A beach airport, secret whisky stashes and the world’s prettiest proposed nuclear waste dump: Walking Scotland’s island of Barra
It may be best known for its unconventional landing strip, but strolling around the Scottish isle reveals a catalogue of curiosities.
There are some places you expect to see an aircraft – say, for argument’s sake, on an airport runway, or in the sky. Then there are places you do not expect to see one, such as on a beach. Yet that is exactly where the Twin Otter aircraft is, bumping along over the sandy ridges of Barra’s Tràigh Mhòr, its fuselage wobbling in the wind. Then, as if picked up by an invisible hand, it lifts into the air, dips and achieves elevation almost vertically – resembling a helicopter rather more than you think it ought to.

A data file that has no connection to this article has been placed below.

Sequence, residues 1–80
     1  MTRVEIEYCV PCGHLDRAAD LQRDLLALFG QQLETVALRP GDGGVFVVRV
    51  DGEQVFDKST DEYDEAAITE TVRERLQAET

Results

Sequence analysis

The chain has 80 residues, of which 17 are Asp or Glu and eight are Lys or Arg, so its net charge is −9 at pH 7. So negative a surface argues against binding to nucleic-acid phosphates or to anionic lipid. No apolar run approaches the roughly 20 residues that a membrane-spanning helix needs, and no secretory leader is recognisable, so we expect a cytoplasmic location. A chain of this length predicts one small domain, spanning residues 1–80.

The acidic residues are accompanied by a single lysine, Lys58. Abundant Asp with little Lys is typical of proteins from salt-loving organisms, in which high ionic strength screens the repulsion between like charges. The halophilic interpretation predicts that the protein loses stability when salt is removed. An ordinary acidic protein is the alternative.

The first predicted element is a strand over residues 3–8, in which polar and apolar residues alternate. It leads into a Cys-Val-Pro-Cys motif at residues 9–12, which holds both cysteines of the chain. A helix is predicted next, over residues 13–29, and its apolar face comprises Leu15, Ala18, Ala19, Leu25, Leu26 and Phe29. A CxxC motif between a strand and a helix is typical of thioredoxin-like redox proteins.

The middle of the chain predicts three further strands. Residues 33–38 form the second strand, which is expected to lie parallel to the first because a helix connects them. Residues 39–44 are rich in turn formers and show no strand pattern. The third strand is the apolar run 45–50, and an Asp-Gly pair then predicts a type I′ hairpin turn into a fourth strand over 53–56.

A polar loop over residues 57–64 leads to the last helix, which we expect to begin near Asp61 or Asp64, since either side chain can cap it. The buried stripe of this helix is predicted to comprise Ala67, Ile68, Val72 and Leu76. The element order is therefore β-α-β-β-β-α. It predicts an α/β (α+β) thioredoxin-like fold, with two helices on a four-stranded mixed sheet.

I’ve timed my walk on Barra, the most southerly of Scotland’s inhabited Outer Hebrides islands, to catch the spectacle of what is claimed to be the world’s only scheduled beach landing by a commercial aircraft. The vast sands of Tràigh Mhòr are laid out before me: the tide at its lowest and the water’s edge so distant and so shallow that it’s not actually visible.
This walk was published in the Independent on 30 September 2016, read the whole thing here.